Saguaro National Park: You’ll be amazed by the 100s of towering saguaro cacti at Saguaro National Park, one of the top things to do in Tucson. The Park covers 91,771 acres of iconic southwestern landscapes and is deemed a national treasure. Visit in late April through June when the saguaros are blooming for an even more spectacular sight. The Park has 171 miles of hiking trails combined and the Tucson Mountain District boasts the largest petroglyph site. Weekly passes are $25 per vehicle or $15 per person when entering on foot or bicycle. Backcountry camping is available year-round but sites are first-come, first-served.
Arizona Foodie Fare
Arizona is a state for food lovers with a wide array of restaurant options in the different dining regions. From iconic dishes the state is noted for to a mishmash of cuisines representing the various cultures in Arizona, you’ll find great eats throughout the state. Phoenix is a fantastic destination for foodies. While it’s best known for its Mexican eateries, Phoenix has 100s of restaurants serving cuisine from all over the world. Mexican cuisine is also Tucson’s specialty and tamales are considered a staple. Discerning foodies will also encounter various other favorites, including the cowboy steak. The Arizona wine country is only about an hour from Tucson. Dining in Sedona includes some beloved French and Italian restaurants, but the local specialty is traditional southwestern flavors.
Arizona Public Transportation
Getting around in larger Arizona cities is easy with public transportation. In Phoenix, the Valley Metro Regional Public Transportation Authority operates city buses that travel along main traffic arteries and a light-rail that connects Phoenix to Tempe and Mesa. Combined, the two transit systems cover 513 square miles and are relatively inexpensive with fares at $2 per ride, $4 for an all-day pass, $20 for 7-day passes, and $64 for month-long passes. Valley Metro also provides Express/Rapid commuter bus service that runs between Phoenix and Scottsdale for $3.25 per ride, $6.50 for an all-day pass, and $104 for monthly passes.
Sun Tran is Tucson’s public bus system, which covers the city proper and the Sun Link trolley runs from the University of Arizona to Downtown. Full fares are $1.75 per ride, $4 for an unlimited day pass, $10 for 3-day passes, and $48 for 30-day passes. Verde Lynx Public Transportation runs out of Cottonwood and provides limited bus service in Sedona with 10 stops for $1 per ride within Sedona and $2 per ride between the two cities.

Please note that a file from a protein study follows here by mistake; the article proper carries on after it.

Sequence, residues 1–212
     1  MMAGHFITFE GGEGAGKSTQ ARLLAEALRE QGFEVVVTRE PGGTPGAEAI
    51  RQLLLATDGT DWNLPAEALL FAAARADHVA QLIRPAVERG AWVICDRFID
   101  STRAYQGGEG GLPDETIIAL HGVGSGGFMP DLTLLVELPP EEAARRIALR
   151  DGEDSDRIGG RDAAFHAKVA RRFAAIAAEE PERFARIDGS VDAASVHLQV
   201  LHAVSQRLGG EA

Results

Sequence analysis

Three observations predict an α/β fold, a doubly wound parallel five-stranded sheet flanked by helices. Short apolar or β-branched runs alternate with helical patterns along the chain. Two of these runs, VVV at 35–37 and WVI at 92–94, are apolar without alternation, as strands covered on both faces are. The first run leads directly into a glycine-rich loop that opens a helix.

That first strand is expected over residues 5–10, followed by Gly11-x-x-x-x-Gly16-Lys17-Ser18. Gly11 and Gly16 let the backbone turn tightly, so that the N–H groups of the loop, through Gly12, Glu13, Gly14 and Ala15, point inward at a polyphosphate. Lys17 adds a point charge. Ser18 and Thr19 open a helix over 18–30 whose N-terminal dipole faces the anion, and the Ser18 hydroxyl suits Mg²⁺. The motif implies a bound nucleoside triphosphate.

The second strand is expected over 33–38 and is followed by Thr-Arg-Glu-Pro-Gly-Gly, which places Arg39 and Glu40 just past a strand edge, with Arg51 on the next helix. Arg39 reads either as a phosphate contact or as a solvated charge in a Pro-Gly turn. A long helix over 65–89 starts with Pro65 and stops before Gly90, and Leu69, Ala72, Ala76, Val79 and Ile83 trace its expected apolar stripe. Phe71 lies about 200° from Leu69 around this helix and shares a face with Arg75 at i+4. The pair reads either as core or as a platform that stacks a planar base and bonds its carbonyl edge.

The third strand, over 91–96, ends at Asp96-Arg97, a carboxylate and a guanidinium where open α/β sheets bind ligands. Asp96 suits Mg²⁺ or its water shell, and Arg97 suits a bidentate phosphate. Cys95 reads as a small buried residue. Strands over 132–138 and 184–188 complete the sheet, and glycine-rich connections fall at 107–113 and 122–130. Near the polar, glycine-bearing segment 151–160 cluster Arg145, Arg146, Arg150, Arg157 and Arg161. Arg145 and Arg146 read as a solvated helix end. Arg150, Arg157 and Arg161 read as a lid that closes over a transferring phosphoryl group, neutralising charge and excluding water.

Best Time of Year to be a Nurse in Arizona
Arizona weather is H-O-T in the summer, but as the famous saying goes, it’s a dry heat. In many parts of the state, seasons are basically non-existent or a bit different than the norm. Leaves don’t change in the fall and flowers may not bloom during the traditional spring season. However, cacti blossom and wildflowers bloom when springtime hits, which can be as early as late January in some areas. Summertime can routinely reach triple digits in the southern parts of the state and monsoon rains can strike anytime. You must also watch for haboobs, which are intense dust/sandstorms that frequently blow through in the summertime and cause dangerously low visibility and respiratory problems.
The best time to be a nurse in Phoenix or Scottsdale is November through April when highs generally don’t get above the lower 80s. June, July, and August are the hottest months when almost all days will be significantly over 100 degrees and nighttime lows won’t be under 70. During the month of August, nighttime temps may not drop below 95 in Phoenix. Tucson is usually slightly cooler than Phoenix and the very best times to be here are April, May, September, and October. However, all but the summer months are generally pleasant with June the most likely to see 100-plus days. Being farther north, there really isn’t a bad time to be in Sedona and temps in the 100s are unlikely. However, the most ideal time to be in Sedona is March to May and September to November.
Nurses and allied health professionals looking for positions in Arizona can depend on NurseFly to help them find the perfect job. Experienced recruiters are ready to assist you while you compare 100s of jobs and help match you with potential employers right away.